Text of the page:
We're also disappointed that the headphones don't have a built-in microphone or remote control for modern smartphones. As iPhones and Android devices continue to evolve into the de facto standard for listening to music outside the home, we'd like to see future versions of Grado earbuds come with accessories that cater to this growing market.
On the other hand, we were pleased that the nonstick rubber coating on the 51-inch cord makes the headset nearly impervious to tangles. The same material also shields the wire from amplifying the sound of clothing rubs, and a straight plug at the end should fit with a variety of cases.
You might be surprised that the GR8s feature a single moving armature design, since we usually see dual or even triple drivers pumping into earbuds at this price level. A good example is the Westone UM2 Dual Driver True Fit Earphones, which cost the same, but the GR8s' architecture is restricted to a single driver in order to bypass driver crossover.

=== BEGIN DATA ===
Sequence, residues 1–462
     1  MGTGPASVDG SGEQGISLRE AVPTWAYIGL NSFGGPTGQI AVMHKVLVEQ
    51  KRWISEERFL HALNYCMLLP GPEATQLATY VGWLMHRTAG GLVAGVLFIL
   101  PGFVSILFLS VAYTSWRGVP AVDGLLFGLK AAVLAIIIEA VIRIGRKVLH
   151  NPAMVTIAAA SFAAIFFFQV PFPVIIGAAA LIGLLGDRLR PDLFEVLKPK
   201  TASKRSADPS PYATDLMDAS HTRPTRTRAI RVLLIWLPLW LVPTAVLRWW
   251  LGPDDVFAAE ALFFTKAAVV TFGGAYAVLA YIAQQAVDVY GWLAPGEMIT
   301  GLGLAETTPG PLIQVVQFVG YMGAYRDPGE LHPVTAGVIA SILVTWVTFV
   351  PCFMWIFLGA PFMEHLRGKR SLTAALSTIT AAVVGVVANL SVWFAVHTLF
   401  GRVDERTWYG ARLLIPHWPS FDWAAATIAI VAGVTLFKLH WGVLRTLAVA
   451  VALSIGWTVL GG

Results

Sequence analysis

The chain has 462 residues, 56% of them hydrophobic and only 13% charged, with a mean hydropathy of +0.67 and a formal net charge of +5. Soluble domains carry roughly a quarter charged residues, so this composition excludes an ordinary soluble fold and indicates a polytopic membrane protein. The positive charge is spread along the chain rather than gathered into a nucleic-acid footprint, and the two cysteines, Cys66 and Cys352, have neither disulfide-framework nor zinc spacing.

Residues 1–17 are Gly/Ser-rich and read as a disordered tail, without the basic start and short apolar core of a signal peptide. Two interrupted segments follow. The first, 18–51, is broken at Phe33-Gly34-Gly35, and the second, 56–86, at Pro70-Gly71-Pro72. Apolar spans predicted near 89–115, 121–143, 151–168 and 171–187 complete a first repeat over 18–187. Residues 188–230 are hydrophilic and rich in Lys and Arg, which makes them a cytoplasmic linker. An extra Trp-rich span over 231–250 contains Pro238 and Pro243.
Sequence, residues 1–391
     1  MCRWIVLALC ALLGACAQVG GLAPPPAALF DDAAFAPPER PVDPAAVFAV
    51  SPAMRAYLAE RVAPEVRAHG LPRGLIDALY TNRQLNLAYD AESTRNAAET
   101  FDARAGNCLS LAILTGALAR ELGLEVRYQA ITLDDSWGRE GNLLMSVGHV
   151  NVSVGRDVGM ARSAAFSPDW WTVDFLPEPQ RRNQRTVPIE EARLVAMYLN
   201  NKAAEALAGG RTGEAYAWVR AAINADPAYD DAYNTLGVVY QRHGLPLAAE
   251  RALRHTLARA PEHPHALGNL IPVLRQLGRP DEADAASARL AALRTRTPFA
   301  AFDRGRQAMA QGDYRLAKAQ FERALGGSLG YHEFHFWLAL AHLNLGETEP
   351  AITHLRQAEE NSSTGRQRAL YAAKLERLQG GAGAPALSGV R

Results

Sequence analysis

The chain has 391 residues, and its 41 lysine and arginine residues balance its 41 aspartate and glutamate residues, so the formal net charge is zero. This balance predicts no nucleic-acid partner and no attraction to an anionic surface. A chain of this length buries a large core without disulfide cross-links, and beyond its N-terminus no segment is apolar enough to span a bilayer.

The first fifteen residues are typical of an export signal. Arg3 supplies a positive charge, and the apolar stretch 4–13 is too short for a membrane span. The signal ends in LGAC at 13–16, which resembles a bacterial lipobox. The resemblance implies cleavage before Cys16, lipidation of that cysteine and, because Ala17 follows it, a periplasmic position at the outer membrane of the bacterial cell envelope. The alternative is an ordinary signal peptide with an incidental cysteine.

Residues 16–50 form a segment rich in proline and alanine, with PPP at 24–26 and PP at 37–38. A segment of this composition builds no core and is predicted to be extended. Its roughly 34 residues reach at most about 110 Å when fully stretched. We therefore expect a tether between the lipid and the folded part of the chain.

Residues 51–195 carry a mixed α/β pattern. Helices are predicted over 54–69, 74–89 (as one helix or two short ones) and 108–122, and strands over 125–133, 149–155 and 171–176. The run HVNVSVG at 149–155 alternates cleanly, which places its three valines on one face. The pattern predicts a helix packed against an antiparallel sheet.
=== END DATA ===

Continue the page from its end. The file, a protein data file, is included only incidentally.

The result avoids the harsh transitions between woofers and tweeters that reproduce inaccurate notes and can sound different from the intended recording. Instead, the GR8s generate the level tones and even image separation across all directional frequencies that audiophiles have come to expect from Grado headphones.
The GR8 headphones are also excellent at creating an imaging experience that sounds natural and lifelike between your ears. Their versatile sound profile makes them an excellent candidate for a variety of genres, although we found the sub-bass slightly lacking in lower frequencies. Still, the balanced sound levels produced by the single loudspeaker in each ear will certainly satisfy even the most discerning audiophile.
We can't imagine many consumers considering the Grado GR8 headphones at their current price, despite their excellent sound quality. Unless you're absolutely dedicated to Grado, you can spend less and still pick up an excellent pair of headphones in the Klipsch S4s.